Stack Overflow is a community of 4.7 million programmers, just like you, helping each other.

Join them; it only takes a minute:

Sign up
Join the Stack Overflow community to:
  1. Ask programming questions
  2. Answer and help your peers
  3. Get recognized for your expertise

1). print function address directly:

printf("strerror=%p, strerror_r=%p\n", strerror, strerror_r);
strerror=0x8049ec0, strerror_r=0x8049e20

2). dlsym version:

rtldDefault= dlopen(0, RTLD_NOW | RTLD_GLOBAL);
dlsym(rtldDefault, "strerror_r"); ==> strerror_r=0xb76544e0


dlsym(rtldDefault, "strerror"); ==> strerror=0x8049ec0

3). others:

dlsym((void*)0, "strerror_r") ==> strerror_r=0xb76544e0
dlsym((void*)-1, "strerror_r") ==> strerror_r=0xb76544e0

How can I get strerror_r=0x8049e20 using dlsym()?

I have already print the address of strerror_r first, then call dlsym().

strerror_r=0xb76544e0 is wrong address, my call strerror_r with this address just do nothing.

share|improve this question
I suppose it's possible that strerror is actually called somewhere and therefore already resolved, whereas strerror_r hasn't been called and dlsym is giving you the address of a trampoline function. Try calling them both (just once) and seeing if anything changes. – Useless Aug 10 '12 at 10:31
Hard to say.. Perhaps feeding it to readelf could give some hints – Roman Saveljev Aug 10 '12 at 10:46
You can just look at the addresses in a debugger. I'd guess that one of them contains nothing but a jump to the real function. – Niklas B. Aug 10 '12 at 10:51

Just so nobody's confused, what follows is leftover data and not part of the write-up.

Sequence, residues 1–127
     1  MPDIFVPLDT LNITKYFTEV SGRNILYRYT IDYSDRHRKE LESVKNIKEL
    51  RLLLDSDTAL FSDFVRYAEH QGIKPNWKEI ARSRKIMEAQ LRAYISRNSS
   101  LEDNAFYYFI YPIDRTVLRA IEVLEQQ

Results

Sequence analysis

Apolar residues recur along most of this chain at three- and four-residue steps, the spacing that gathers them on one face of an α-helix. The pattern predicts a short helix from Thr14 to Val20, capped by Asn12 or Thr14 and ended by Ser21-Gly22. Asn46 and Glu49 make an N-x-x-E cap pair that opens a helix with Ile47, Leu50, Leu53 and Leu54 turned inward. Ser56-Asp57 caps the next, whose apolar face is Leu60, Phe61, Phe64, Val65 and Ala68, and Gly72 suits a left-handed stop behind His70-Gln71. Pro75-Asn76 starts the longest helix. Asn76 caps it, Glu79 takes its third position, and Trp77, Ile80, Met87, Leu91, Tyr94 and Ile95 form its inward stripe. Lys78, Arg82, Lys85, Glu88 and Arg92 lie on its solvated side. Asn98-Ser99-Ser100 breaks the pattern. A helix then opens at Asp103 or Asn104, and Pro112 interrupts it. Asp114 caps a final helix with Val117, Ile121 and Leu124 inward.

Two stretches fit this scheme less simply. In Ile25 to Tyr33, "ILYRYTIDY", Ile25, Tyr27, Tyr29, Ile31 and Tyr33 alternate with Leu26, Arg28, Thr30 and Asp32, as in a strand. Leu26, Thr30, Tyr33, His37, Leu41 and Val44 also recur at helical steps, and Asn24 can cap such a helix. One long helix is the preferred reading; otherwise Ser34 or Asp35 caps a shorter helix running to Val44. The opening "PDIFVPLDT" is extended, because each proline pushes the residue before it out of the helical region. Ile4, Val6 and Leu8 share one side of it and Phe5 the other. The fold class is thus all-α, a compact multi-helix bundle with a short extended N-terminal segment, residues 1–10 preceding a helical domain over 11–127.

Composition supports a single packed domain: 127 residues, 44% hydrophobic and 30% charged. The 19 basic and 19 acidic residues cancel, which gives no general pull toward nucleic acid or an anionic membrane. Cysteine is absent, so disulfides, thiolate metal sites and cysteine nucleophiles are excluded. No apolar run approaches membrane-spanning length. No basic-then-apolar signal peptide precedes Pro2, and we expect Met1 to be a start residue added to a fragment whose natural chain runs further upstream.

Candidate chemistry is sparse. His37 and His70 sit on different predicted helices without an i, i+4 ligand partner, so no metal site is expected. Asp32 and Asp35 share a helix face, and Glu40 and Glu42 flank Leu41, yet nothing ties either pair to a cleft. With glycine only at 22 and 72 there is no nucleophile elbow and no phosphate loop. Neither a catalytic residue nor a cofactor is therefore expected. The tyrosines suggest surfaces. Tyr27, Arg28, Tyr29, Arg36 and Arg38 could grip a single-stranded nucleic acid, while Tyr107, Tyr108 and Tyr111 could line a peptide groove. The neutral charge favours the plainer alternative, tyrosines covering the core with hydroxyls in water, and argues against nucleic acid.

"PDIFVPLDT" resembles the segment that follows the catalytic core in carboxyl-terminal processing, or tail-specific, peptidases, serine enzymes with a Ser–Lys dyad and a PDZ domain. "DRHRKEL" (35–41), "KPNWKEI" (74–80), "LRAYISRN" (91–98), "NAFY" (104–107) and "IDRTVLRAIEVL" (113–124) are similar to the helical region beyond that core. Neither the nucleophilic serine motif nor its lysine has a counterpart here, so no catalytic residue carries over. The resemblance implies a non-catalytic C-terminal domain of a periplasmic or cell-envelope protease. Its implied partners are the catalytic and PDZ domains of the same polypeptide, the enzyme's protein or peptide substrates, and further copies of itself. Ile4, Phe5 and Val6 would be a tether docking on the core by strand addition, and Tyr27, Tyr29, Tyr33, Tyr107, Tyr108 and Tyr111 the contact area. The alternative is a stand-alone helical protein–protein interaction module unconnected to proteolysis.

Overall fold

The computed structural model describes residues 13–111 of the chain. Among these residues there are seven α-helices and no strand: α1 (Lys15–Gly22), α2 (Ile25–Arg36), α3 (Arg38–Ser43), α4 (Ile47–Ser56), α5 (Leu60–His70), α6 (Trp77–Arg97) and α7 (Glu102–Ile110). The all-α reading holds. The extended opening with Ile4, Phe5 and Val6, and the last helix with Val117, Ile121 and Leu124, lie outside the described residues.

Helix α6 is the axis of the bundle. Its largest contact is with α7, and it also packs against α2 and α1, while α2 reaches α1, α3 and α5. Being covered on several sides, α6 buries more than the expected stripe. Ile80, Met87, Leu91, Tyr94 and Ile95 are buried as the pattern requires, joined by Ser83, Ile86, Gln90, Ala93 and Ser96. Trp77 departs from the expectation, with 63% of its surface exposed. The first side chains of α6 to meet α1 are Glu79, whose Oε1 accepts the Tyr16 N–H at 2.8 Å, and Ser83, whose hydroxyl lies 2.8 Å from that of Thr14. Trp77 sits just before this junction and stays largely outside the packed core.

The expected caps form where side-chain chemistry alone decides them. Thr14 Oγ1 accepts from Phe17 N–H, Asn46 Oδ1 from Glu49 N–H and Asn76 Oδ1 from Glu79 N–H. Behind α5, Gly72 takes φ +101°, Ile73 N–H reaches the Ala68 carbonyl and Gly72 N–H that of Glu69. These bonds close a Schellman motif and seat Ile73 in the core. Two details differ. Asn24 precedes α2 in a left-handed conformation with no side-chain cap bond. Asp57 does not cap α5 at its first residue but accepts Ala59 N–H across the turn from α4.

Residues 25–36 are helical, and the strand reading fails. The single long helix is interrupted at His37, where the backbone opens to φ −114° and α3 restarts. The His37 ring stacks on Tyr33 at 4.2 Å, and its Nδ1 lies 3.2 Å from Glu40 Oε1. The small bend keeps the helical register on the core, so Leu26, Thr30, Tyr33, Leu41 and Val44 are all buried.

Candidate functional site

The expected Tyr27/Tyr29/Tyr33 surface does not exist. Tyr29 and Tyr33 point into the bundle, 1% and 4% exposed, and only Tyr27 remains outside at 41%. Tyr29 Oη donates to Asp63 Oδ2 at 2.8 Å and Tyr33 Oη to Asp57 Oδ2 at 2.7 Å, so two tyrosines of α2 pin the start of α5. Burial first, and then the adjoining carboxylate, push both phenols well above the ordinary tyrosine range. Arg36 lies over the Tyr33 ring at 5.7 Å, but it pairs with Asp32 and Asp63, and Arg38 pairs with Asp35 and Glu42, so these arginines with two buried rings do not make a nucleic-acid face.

up vote 1 down vote accepted

If you look at the declaration of strerror_r in /usr/include/string.h:

/* Reentrant version of strerror'. There are 2 flavors ofstrerror_r', GNU which returns the string and may or may not use the supplied temporary buffer and POSIX one which fills the string into the buffer. To use the POSIX version, -D_XOPEN_SOURCE=600 or -D_POSIX_C_SOURCE=200112L without -D_GNU_SOURCE is needed, otherwise the GNU version is preferred. */
[and then some quite confusing declarations]

Compiling a sample program with gcc -save-temps and default configuration, I get the following precompiled declaration:

extern int strerror_r (int __errnum, char *__buf, size_t __buflen) 
    __asm__ ("" "__xpg_strerror_r") __attribute__ ((__nothrow__ , __leaf__))
    __attribute__ ((__nonnull__ (2)));

So it looks like the strerror_r function is linked to the symbol __xpg_strerror_r instead.

Indeed, a check of the generated binary objdump -t a.out | grep strerror:

00000000      DF *UND*  00000000  GLIBC_2.3.4 __xpg_strerror_r

So, asking your question, just do dlsym(rtldDefault, "__xpg_strerror_r").

share|improve this answer
Thanks for your kindly explaination. But why dlsym(rtldDefault, "strerror_r"); ==> strerror_r=0xb76544e0 – David Chyi Aug 10 '12 at 11:10
@DavidChyi: What do you mean? Why is it a much higher address than the other? Or why is it different than _xpg_strerror_r? They are different because they are different functions, or more exactly, different _symbols. It is much higher maybe because, as Useless said in his comment, this function has never been called. – rodrigo Aug 10 '12 at 11:17

Your Answer


By posting your answer, you agree to the privacy policy and terms of service.

Not the answer you're looking for? Browse other questions tagged or ask your own question.